Although not exactly famous for erotic films, particularly considering the conservative nature of many countries and the harsh censorship occasionally found (with the exception of Japan and Korea), films that could be described as erotic can be found in Asia also. Of note, however, is a recent trend that has begun within the Japanese movie industry, of presenting erotic films that try to cater to the aesthetics of both men and women, while abiding by the MeToo rules, with the result being interesting as much as ambitious as much as an effort mostly found in Chinese cinema, to come up with titles that combine the erotic with the intensely art house.
In this compilation, our aim was to highlight titles that prominently feature eroticism, while avoiding any content that could be considered exploitative or resembling soft-porn (which is prevalent in South Korean cinema). Instead, we have focused on “mainstream” films that incorporate this element in order to arouse or convey a message.
Here are 12 captivating Asian erotic films from 2023, listed in no particular order.
The film’s cinematography, helmed by Ash Chen, is a standout element, showcasing a voyeuristic style that is executed flawlessly. This technique is utilized not only in the erotic scenes, but also in other moments, including the memorable peeing sequence. The intimate shots of the sexual encounters heighten the movie’s titillating factor, while the depiction of the consistently vacant restaurant adds a neo-noir, dystopian tone. Qin Yanan’s editing further enhances this feeling, as the cuts create a sense of disorientation that adds to the overall impact of the film.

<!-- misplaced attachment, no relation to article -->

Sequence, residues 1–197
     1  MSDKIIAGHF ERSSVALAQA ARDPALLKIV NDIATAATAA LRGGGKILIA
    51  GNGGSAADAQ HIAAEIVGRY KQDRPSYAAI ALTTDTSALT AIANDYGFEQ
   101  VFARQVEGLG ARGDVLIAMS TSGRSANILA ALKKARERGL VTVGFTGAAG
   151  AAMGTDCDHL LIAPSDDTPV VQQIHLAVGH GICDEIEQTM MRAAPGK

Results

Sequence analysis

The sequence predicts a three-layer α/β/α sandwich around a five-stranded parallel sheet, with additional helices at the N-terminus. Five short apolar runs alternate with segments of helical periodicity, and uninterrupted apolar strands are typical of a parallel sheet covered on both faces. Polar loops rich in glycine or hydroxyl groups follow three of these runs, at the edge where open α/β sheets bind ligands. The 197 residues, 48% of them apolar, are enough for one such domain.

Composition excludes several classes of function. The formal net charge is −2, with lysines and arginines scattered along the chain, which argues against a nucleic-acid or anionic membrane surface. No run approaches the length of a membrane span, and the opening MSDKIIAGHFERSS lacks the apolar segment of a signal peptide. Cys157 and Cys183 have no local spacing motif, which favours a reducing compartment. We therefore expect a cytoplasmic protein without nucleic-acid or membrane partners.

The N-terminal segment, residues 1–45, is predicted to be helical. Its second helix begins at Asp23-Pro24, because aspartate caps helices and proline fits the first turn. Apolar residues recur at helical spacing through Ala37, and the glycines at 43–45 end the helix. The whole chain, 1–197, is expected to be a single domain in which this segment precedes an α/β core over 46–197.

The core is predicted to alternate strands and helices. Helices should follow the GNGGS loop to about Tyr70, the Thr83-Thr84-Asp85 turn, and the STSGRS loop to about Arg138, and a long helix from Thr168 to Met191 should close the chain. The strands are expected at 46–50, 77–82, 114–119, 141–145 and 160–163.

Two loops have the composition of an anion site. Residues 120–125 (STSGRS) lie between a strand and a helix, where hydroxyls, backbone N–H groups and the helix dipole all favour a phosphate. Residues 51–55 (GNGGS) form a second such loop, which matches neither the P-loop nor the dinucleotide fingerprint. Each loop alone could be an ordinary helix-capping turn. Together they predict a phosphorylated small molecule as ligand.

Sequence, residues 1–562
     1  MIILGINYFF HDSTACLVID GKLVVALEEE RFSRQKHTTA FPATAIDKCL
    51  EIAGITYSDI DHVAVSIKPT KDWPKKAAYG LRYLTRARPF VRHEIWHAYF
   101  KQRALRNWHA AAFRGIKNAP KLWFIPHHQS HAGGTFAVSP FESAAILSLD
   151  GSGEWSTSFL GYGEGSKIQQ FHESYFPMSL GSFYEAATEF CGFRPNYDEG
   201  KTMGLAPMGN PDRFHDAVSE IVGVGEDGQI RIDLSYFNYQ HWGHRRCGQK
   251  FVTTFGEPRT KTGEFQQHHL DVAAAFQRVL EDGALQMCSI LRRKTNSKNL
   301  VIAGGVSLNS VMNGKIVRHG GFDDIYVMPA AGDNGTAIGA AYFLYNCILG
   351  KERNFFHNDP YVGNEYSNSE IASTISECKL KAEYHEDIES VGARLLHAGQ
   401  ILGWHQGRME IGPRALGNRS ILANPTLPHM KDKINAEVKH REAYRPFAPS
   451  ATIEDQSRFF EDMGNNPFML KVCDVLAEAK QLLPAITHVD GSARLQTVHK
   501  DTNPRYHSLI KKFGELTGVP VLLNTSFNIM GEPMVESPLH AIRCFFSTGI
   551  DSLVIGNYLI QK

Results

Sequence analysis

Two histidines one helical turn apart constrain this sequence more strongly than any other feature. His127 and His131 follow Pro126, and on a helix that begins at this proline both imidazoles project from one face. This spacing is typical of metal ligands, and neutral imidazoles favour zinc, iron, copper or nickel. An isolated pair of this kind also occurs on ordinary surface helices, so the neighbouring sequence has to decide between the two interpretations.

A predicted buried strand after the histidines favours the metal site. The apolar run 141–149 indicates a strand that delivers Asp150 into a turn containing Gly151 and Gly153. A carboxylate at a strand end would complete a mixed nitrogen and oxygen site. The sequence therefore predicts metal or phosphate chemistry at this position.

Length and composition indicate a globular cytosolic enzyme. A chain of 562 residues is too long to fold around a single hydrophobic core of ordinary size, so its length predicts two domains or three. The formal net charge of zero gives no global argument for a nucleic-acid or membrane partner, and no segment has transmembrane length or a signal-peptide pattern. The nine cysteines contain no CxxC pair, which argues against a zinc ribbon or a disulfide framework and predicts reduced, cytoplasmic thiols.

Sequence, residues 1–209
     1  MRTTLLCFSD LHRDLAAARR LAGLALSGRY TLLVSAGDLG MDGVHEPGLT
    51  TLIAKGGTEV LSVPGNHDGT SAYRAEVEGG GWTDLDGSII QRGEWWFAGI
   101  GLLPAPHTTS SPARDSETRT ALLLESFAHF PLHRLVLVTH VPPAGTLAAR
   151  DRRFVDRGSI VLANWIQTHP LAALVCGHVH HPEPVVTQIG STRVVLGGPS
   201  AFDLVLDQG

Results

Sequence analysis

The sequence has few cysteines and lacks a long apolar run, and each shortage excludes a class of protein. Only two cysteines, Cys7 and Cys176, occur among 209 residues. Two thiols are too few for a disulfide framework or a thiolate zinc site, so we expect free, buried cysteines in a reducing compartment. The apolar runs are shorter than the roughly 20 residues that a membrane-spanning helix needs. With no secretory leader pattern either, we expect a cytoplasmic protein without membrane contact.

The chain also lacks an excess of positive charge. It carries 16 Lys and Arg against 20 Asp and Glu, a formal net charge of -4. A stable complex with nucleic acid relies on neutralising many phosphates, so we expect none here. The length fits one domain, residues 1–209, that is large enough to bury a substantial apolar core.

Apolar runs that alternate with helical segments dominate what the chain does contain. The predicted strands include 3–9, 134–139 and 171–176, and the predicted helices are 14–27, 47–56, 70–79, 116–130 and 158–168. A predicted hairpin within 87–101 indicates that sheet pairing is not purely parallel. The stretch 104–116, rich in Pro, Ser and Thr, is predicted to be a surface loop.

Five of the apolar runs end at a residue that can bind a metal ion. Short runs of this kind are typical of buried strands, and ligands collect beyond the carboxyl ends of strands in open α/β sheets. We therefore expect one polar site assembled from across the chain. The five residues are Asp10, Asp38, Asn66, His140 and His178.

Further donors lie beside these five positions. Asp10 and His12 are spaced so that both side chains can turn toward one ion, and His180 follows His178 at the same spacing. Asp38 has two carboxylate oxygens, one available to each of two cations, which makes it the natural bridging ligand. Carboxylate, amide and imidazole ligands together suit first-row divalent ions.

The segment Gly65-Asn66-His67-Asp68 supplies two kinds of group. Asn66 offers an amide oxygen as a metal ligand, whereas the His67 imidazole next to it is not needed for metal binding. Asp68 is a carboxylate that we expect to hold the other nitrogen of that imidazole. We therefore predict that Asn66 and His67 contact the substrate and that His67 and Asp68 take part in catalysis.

Koji Shiraishi’s method, which combines elements of sensuality, S&M, drama, romance, and mockumentary in the style of Roman Porno, proves to be quite captivating as he skillfully handles each aspect. This is no easy feat. Additionally, the series’ objective of relaunching to feature erotic films that are grounded in reality and appeal to female audiences is successfully achieved here. Shiraishi delves into the concept of BDSM and its modern day practice, as well as the psychology of those involved in the field. While the depiction of the “owner arc” and the idea of openly embracing one’s perversions may seem exaggerated and reminiscent of manga, it is the only aspect of the story that goes to such extremes.